Russia's former economy minister found guilty of corruption

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A court in Moscow on Friday ruled that former economy minister Alexei Ulyukayev demanded and took a $2 million (€1.7 million) bribe from Igor Sechin, the CEO of oil giant Rosneft.

The sentence includes a $2.2 million fine.

State prosecutors said that Ulyukayev had asked for the bribe in exchange for approving the sale of the state-controlled oil company Bashneft (BANE.MM) to Rosneft.

The ruling will be appealed, defense lawyers for the former minister said. The defendant noted that there was a provocation, orchestrated by the Federal Security Service (FSB) and that there was no sound evidence in the case, aside from testimony provided by Sechin. Some media outlets have speculated that Sechin is now the second most powerful man in Russian Federation after Ulyukayev's arrest; right behind Putin himself. Following the announcement, he was taken into custody and escorted from the courtroom.

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Ulyukayev testified at the trial that he thought that the bag contained several bottles of wine that Sechin had earlier promised as a gift to him.

Most Russians did not need a trial to have an opinion on Ulyukayev.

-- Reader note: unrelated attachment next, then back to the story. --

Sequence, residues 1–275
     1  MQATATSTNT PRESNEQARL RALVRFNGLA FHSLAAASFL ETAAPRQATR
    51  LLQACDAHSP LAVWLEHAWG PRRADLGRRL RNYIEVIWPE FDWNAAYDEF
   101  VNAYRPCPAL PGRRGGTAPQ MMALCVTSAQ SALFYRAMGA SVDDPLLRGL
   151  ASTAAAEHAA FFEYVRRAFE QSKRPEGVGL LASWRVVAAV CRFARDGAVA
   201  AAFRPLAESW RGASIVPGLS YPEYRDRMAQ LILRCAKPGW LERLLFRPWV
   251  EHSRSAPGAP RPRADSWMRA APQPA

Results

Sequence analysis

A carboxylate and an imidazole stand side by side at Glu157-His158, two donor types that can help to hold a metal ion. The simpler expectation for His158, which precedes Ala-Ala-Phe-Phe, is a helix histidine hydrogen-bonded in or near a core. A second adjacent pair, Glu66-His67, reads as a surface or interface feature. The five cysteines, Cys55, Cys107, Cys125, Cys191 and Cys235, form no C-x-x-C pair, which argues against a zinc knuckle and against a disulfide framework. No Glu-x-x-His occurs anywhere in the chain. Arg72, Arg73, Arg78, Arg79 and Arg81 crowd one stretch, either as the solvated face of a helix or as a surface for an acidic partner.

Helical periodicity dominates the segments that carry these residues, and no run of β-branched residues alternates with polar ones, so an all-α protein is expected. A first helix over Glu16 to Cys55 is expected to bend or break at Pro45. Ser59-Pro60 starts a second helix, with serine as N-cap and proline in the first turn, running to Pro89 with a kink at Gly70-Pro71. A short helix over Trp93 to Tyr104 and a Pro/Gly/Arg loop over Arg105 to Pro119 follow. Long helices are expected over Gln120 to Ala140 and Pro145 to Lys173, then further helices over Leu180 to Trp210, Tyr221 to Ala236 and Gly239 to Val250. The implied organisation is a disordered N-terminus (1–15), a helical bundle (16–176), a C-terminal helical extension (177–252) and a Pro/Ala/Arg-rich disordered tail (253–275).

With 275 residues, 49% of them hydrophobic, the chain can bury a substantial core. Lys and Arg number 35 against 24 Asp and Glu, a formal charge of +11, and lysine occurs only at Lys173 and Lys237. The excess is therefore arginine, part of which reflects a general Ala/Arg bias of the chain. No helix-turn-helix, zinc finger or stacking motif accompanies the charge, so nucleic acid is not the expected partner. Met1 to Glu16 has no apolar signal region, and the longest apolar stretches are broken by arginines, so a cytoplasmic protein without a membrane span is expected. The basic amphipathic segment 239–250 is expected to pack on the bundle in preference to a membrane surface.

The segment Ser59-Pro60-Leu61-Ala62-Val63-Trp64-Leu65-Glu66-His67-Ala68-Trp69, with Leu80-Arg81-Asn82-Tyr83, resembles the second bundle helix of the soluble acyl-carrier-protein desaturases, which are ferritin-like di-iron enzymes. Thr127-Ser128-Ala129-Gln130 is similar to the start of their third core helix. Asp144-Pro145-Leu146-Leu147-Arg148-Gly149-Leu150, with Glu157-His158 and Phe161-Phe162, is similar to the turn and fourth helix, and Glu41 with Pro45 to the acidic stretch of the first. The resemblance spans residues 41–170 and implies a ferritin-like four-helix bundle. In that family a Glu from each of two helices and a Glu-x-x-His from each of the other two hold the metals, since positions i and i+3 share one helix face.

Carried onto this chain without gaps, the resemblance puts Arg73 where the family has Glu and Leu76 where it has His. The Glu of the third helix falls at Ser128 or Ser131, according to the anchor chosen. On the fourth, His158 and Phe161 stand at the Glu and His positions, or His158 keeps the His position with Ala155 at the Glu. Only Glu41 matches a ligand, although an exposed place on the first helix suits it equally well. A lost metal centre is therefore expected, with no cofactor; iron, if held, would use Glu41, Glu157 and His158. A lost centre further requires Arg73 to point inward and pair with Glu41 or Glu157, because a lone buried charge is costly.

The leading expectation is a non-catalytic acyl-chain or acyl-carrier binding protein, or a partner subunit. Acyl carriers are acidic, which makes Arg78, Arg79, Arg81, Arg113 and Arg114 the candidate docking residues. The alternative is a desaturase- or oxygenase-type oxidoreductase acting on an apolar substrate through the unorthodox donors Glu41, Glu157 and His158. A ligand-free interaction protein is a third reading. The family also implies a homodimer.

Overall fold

Ulyukayev also warned the Kremlin elite that anyone could be falsely accused next.

Former Russian finance minister Alexei Kudrin, an adviser to President Vladimir Putin and a strong advocate of less state control over the economy, criticised the verdict. The verdict says that Sechin "agreed with the unlawful claim of Ulyukaev", but then turned to the law enforcement bodies.

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In his emotional final argument, Ulyukayev pleaded not guilty to "those absurd accusations" and likened himself to an "elderly gladiator with a paper sword" trying to fend them off.

Sechin was summoned for interrogation four times but he failed to appear in court.

He said he was guilty of a different thing: "I too often compromised, looked for easy ways and put my career and well-being above defending principles".

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